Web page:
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Title:Reassembling Writing Technologies: Historical and Situated Studies of Rhetorical Activity
Author(s):Van Ittersum, Derek
Doctoral Committee Chair(s):Hawisher, Gail E.
Doctoral Committee Member(s):Prior, Paul A.; Mortensen, Peter L.; Bruce, Bertram C.
Department / Program:English
Discipline:English with a concentration in Writing Studies
Degree Granting Institution:University of Illinois at Urbana-Champaign
Computers and writing
Engelbart, Douglas
Writing Studies
Abstract:Through historical research on hypertextual, collaborative writing software and hardware in the 1960s and situated studies of writers’ digital memory and invention work in the present, this dissertation considers the emergent uses of technologies surrounding disruptive moments. Combining Bruno Latour’s actor-network theory with theories of mediated activity (Vygotsky, Wertsch, Engeström, Nardi), it uses historical and contemporary scenes to propose that the coordination of mediating technologies constitutes important rhetorical work. Breakdowns in literate practices lead to the opening of what Latour has called black boxes, which otherwise would conceal the mediating roles of artifacts, people, and ideologies. Thus, breakdowns provide opportunities to trace the connections between situated activity and wider social contexts. Reconsidering the history of Douglas Engelbart’s On-Line System (NLS) of the 1960s and 70s, I illustrate how the black-boxing of a specific group of technologies into the standard personal computer suppressed alternate configurations that were supported by writing theories strongly resembling those of the early process movement. Through interviews with, and observations of, writers today as they demonstrate their digital note-taking and bibliographic work, I explore the breakdowns they encounter in the course of adopting new technologies and examine how functional systems (consisting of institutions, conventions, people, and artifacts) shape and respond to these writers’ goals for their literate practices. The historical and contemporary case studies suggest that writers, teachers, and designers working within digital environments can benefit from increased consideration of the role of computing practices and artifacts in rhetorical work.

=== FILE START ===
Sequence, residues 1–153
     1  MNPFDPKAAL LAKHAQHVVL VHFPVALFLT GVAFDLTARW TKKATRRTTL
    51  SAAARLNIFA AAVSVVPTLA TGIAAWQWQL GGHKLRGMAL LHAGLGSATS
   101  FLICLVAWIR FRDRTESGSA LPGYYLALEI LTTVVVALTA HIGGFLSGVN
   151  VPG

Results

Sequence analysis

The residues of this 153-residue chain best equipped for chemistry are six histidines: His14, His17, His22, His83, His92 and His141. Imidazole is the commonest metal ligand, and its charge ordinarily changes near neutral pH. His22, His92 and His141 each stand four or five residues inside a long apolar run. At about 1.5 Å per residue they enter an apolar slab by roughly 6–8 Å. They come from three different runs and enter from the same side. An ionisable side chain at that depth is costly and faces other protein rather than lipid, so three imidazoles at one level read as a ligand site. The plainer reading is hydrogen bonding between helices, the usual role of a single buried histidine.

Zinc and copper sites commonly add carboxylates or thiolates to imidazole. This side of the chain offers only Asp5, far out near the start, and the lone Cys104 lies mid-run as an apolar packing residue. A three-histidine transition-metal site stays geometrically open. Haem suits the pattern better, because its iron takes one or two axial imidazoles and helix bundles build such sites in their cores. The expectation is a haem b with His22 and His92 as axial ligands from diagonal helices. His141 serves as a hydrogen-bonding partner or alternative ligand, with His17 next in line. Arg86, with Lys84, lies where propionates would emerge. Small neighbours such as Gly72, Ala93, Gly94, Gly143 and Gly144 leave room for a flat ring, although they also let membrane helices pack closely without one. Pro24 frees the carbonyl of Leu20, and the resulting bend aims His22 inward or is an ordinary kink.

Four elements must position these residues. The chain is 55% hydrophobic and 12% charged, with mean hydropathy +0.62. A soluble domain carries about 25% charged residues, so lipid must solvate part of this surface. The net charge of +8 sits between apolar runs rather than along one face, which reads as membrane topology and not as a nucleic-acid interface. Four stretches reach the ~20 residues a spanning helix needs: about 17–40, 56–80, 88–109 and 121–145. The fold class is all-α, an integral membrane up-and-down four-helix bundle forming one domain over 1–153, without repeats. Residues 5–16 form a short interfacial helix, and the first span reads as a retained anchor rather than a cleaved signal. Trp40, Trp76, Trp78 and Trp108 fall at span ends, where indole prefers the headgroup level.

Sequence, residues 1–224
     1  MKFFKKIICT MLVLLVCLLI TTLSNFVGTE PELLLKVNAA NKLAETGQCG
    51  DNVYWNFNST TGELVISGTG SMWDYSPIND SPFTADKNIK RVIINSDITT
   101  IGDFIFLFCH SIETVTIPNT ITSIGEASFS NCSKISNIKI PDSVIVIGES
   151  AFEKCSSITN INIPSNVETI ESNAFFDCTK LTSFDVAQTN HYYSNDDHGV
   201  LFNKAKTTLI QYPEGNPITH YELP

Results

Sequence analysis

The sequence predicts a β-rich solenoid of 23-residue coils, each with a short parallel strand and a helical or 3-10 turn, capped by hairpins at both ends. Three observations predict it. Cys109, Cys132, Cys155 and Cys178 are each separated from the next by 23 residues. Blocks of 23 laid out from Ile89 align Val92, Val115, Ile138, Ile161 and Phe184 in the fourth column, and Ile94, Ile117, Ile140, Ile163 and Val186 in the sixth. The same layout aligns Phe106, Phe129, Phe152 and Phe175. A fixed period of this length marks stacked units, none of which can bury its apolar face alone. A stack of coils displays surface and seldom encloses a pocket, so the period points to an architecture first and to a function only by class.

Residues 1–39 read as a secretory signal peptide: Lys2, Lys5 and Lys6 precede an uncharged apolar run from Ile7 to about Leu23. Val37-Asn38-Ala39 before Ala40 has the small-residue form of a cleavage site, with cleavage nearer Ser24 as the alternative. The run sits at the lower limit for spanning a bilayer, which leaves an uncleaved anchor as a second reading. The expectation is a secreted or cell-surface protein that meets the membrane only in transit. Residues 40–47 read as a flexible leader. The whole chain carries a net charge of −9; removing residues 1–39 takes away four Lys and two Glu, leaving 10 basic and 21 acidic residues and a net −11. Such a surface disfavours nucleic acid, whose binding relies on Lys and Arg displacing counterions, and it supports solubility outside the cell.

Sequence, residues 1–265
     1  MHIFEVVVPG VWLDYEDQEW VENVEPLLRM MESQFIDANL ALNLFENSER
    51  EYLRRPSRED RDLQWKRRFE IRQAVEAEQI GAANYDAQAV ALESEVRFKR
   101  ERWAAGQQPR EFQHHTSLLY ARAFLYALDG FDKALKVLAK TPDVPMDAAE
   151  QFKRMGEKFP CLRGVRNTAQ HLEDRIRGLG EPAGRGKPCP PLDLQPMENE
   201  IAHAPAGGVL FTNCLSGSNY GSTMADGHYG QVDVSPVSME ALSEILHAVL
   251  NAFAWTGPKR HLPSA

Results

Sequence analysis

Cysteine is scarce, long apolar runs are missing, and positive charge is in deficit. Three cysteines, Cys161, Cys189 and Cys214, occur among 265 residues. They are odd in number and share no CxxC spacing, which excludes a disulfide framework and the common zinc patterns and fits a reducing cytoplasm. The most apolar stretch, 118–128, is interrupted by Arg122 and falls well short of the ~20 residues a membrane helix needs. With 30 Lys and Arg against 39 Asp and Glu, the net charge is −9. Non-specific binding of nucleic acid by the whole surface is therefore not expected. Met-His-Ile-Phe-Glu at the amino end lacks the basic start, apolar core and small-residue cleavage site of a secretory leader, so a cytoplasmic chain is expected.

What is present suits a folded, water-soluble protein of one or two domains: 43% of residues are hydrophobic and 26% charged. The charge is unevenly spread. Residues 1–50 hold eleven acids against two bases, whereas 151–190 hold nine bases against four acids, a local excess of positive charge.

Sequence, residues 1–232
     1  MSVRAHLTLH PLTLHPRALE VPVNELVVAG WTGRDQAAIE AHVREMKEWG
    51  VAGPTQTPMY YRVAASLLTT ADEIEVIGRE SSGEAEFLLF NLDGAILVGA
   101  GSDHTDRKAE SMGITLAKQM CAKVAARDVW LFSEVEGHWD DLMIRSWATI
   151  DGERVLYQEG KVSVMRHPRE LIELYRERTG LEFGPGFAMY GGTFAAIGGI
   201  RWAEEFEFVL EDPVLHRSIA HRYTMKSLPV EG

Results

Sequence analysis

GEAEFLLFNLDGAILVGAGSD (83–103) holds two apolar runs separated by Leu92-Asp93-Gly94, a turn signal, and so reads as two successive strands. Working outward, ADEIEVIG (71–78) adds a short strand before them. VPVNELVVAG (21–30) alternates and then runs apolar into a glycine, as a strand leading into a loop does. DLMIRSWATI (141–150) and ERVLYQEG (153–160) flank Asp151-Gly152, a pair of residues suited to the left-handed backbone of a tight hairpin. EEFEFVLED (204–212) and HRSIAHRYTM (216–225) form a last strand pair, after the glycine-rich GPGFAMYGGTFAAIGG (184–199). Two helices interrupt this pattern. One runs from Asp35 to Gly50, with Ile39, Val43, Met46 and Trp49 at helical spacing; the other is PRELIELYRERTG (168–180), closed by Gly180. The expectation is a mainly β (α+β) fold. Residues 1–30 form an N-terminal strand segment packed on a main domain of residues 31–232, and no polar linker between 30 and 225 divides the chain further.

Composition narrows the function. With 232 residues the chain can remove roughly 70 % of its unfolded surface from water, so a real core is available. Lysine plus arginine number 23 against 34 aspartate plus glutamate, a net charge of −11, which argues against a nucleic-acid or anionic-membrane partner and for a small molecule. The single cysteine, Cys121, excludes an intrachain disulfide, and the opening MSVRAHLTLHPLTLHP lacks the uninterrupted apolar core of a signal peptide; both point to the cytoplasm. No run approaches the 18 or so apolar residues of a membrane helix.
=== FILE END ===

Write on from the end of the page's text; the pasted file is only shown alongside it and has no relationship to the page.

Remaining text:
Issue Date:2008
Citation Info:Dissertation submitted in partial fulfillment of the requirements for the degree of Doctor of Philosophy in English with a concentration in Writing Studies in the Graduate College of the University of Illinois at Urbana-Champaign, 2008
Genre:Dissertation / Thesis
Publication Status:unpublished
Rights Information:Copyright 2008 by Derek Van Ittersum. Some Rights Reserved Creative Commons Attribution-Noncommercial-Share Alike 3.0 license. To view a copy of this license, visit
Date Available in IDEALS:2008-08-18

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